According to the report, the Burkinabe Contractor Kanazoe had undertaken a number of contracts which were secured through sole-sourcing and handpicking, amid allegations of president Mahama’s influence.

Manasseh reported that Djibril Kanazoe had over the years been bidding for contracts in the country; however he was not successful until a middleman led him to meet then Vice President Mahama.

Subsequent to meeting the then Vice President Mahama, Kanazoe was handpicked to build the $650,000 Ghana Embassy fence wall in Burkina Faso.

In September 2014, when officials of the Bank of Ghana met the Public Accounts Committee of Ghana Parliament (PAC), it came to light that an amount of $656, 246.48 had been spent on the construction of a fence wall over a parcel of land belonging to the Ghana Embassy in Burkina Faso.

Apparently, PAC requested the Bank of Ghana to look into what it referred to as: “the outrageous” cost of the project.

However, it came to light that the procurement process was violated to the advantage of President Mahama’s Burkinabe friend.

Amazingly, during an interview with Manasseh, Djibril Kanazoe admitted that he did not put in a bid for the contract, however, the Ghana Embassy in Ouagadougou wrote to his company to request price quotations for the project. He however forwarded the necessary quotes and was selected.

“Subsequently, the Burkinabe contractor delivered to President Mahama, the ‘gift’ of a brand new Ford Expedition vehicle in 2012, the same year his company was selected, again through sole-sourcing, to execute more projects” (See: ‘Burkinabe Contractor offers controversial gift to President Mahama’ ; myjoyonline.com, 15/06/2015).

Isn’t it also strange that the late President Mills was somehow suspicious about his then Vice President Mahama over his handling of national contracts?

If you may recall, in his State of the Nation Address on 19th February 2009, the late President Mills informed the Parliament that his government was looking into the decision to acquire two executive Presidential jets.

The late President Mills, however, expressed his incertitude over the acquisition of the aircrafts and thus maintained: "Ghana simply cannot afford the expenditure at this time and we certainly do not need two Presidential Jets" (thestatesmanonline.com, 16/06/2016).

Strangely, however, whilst the late Mills was busily delivering his crucial state of the nation address in the parliament, the Vice President John Mahama, who also happened to be the chairman of the Armed Forces Council, was blissfully entertaining delegations from Brazil and busily negotiating the acquisition of five jets, including the most expensive hangar without the knowledge of the late President Mills.

Unsurprisingly, however, the late President Mills became suspicious of the whole deal and decided to put a committee together to review the deal, according to Mr Martin Amidu, the former Attorney General in the late President Mills administration.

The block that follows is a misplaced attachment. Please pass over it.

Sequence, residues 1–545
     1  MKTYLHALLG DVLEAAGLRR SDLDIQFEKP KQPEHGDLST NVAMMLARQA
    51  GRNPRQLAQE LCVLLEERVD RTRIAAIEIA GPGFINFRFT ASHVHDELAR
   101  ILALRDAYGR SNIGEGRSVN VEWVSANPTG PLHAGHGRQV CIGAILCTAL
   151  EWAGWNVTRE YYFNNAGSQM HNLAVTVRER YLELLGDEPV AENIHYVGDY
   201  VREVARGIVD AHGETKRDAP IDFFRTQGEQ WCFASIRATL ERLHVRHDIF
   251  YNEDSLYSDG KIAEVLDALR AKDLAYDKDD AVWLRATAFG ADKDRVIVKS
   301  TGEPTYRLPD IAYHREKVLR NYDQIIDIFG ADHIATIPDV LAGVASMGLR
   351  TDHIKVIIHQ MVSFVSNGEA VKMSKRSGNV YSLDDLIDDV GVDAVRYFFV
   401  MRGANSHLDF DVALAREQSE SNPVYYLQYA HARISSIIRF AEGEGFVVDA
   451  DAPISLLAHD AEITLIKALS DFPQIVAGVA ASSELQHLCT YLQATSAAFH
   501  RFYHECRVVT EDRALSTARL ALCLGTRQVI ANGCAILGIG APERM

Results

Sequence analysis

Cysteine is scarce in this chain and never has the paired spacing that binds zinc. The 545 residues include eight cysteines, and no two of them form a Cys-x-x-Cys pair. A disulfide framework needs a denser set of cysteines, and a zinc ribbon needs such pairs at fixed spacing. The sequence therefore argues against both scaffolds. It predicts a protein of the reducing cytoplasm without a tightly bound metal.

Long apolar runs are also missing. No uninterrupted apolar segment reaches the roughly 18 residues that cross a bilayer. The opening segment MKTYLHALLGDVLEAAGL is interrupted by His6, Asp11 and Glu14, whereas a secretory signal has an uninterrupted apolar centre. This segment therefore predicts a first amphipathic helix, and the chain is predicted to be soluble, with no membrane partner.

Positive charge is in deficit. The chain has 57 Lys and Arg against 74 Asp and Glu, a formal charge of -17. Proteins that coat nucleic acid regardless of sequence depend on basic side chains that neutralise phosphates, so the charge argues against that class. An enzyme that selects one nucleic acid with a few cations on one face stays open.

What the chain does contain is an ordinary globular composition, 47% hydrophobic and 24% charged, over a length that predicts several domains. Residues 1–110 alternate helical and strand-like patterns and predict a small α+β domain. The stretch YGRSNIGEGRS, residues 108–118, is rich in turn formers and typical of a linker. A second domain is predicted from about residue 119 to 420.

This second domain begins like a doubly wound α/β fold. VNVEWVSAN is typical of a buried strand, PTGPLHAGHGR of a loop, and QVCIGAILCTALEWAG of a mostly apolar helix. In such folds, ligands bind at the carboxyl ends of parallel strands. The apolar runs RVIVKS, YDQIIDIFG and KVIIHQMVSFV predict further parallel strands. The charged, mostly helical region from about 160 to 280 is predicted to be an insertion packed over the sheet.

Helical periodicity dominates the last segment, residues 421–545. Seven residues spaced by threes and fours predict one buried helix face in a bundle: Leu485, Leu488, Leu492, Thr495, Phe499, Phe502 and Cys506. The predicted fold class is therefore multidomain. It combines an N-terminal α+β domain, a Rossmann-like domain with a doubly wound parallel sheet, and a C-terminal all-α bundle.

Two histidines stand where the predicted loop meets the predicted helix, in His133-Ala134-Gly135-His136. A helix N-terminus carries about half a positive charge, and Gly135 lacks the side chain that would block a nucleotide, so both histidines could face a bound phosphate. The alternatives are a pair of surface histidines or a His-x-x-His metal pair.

By inference, the late Mills was extremely unhappy about the deal, hence setting up a committee to investigate his then vice president Mahama.

Obviously, it is an indictment on President Mahama and therefore the honest thing for him to do now is to come out and refute all the corruption allegations, not just by words, but through actions.

Yes, President Mahama must do the honest thing by providing further and better particulars and give the green light to the committee set up by late President Mills to resume its work immediately without any interference.

It is also worth emphasising that the manner in which the then Vice President Mahama handled the STX Housing deal which was supposed to provide affordable housing to the security agencies leaves much to be desired.

Bizarrely, in spite of the fact that the deal did not materialise, the then Vice President Mahama, gave us a bill of an excess of $250 million. How strange?

Moreover, after the failed deal with STX to build 30,000 housing units for the nation's security agencies, the NDC government entered into another deal with the GUMA Group, for the construction of 500 housing units.

The deal which was spearheaded by President Mahama was widely criticised by various stakeholders, just as the STX deal following the decision to side-line local construction firms in favour of the foreign company. The unusually high cost of the project was also a source of concern to many.

What’s more, President Mahama’s handling of dubious judgment debt payments also leaves much to be desired.

It is rather unfortunate that the people we have entrusted with the national coffers will somehow deem it as a matter of urgency to give gargantuan sums of money belonging to the nation to people who have no entitlement.

Of course, there is nothing wrong to pay genuine judgment debts. However, I strongly believe that if President Mahama’s government had handled the payments parsimoniously, the purported GH850 million judgment and settlement payments would have been brought to the barest minimum.

The all-important question the discerning Ghanaians should ask President Mahama and his selfish and corrupt appointees then is: ‘If just under eight years, you have paid dubious judgment debts in an excess of GH850 million, how much would you pay in twelve years?

As a matter of fact, the traditional exemption of heads of state from prosecution despite the evidence of a case to answer is wrong, so to speak. For if the bribery and corruption; dubious judgment debt payments; stashing of national funds by some greedy opportunists and misappropriation of resources and crude embezzlement by some politicians do not warrant criminal charges, then where are we heading as a nation?

All the same, the all-important question discerning Ghanaians should ask is: will the day come when “Ghana’s political criminals” find they have nowhere to hide?

For me, Ghana’s 1992 Constitution has to be reviewed and the irrational and inexpedient clauses such as the indemnity clause are expunged and tossed into the dust bin accordingly.

How on earth can individuals commit unpardonable crimes (gargantuan sleaze and corruptions) against the state and get away with their misdeeds?

And how serious are we as a nation when we can only descend heavily on goat, cassava and plantain thieves and let go hard criminals who persistently dip their hands into the national coffers?

References:

OECD (2007), Defining corruption: Glossary of International Standards for Criminalisation of Corruption, ISBN 9789264027404, OECD Observer. (www.oecd.org).

UN (2005), The UN Convention against Corruption.

www.undp.org

www.myjoyonline.com